In the late 17th century, the world was able to better understand the universe thanks to the important and remarkable scientific genius of Isaac Newton. In January 1684, Edmund Haley, an English astronomer, Christopher Wren, an architect, and Robert Hooke, a British scientist, attended a meeting at the Royal Society of Scientists. The three discussed the laws that might govern the motion of the stars and planets and ended up with friendly wager. Wren offered a book worth forty shillings as a prize for the first person who could prove these laws of the universe mathematically. Halley was a friend of Isaac Newton although some books describe their relationship as ordinary acquaintance. He mentioned Wrens bet to Newton the following August. The playful exchange between the two friends became the most important agenda in Newtons life. It was not the prize that Wren had offered that excited him, but the challenge of making a new discovery. Newton embarked on a two-year journey of experiments to demonstrate why the planets follow an elliptical path around the Sun. He devoted two and half years to keep the promise. Using a telescope he made for himself, he began his most influential work in physics and mathematics.
Newton studied the observations of scientists that preceded him about the stars. Using his great mathematical skills, he united their observations with results obtained by the royal astronomer John Flamsteed and his own. Newton used his knowledge with information about the events on Earth such as falling objects and ocean tides. With all the evidence he gathered, Newton mathematically established universal principles about how gravity, force, and motion work and how they are related. The principles shaped the study of physics and named the Newtons laws. The conclusions and mathematical proofs that he successfully demonstrated were published in 1687 in a book called Mathematical Principles of Natural Philosophy, which was written in Latin as it was conventionally done during the 17th century onwards. Historians called Newtons laws the most important achievement of the scientific revolution.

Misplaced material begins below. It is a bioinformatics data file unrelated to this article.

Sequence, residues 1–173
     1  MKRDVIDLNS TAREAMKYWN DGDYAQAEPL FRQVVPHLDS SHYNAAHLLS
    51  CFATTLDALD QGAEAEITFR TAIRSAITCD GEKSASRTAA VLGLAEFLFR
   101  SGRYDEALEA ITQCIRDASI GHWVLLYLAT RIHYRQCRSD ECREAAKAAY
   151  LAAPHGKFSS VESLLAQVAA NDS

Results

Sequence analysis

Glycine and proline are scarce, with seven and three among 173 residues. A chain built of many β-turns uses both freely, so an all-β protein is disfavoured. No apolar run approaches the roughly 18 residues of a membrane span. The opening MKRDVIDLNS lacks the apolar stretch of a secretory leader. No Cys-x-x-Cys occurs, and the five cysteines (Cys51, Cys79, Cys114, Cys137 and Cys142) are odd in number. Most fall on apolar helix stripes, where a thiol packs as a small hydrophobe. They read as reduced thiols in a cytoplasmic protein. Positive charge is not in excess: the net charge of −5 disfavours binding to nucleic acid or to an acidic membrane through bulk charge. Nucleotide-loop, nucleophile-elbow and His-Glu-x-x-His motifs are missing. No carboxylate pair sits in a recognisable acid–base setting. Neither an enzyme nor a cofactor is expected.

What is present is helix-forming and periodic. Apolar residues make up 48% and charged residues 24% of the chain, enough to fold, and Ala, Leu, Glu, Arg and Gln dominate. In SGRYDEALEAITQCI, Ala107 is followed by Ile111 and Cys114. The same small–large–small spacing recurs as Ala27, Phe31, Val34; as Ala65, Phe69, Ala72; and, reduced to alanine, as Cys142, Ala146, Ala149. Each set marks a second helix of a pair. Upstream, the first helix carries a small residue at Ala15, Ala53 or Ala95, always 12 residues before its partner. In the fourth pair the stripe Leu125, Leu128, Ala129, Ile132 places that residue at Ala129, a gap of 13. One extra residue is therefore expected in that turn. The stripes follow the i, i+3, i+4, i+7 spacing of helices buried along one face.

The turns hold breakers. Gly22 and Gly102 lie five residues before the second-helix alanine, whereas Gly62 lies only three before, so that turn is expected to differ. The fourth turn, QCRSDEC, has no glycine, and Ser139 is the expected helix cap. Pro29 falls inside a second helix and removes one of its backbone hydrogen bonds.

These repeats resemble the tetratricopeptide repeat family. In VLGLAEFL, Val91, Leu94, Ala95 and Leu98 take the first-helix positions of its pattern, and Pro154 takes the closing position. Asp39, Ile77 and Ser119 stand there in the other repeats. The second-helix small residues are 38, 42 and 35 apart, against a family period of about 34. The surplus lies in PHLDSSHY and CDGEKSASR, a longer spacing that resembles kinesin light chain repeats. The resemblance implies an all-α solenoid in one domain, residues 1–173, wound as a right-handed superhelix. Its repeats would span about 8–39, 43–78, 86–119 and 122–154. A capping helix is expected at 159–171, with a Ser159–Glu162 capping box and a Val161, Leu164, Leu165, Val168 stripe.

Newton built his achievement based on the remarkable efforts of scholars such as Rene Descartes who developed geometry. Others were European astronomers Nicholaus Copernicus and Johannes Kepler who tried to disprove the opinion that the planets revolved around the Sun. Their observations of the stars replaced the common beliefs of Greek philosophers and mathematicians that the Sun revolved around the Earth, and that the earth was indeed the center of the universe. Galileo Galilei was another person who influenced Newton through his experiments of falling objects that proved Kepler and Copernicus assertions that the Sun is the center of the universe.
After the publication of the book containing his laws of nature, Newton became a legend, and English people considered him one of the countrys greatest thinkers. His work inspired works of art and poetry; for example, English poet Alexander Pope summarized the awestruck public opinion of Newton by writing the following.
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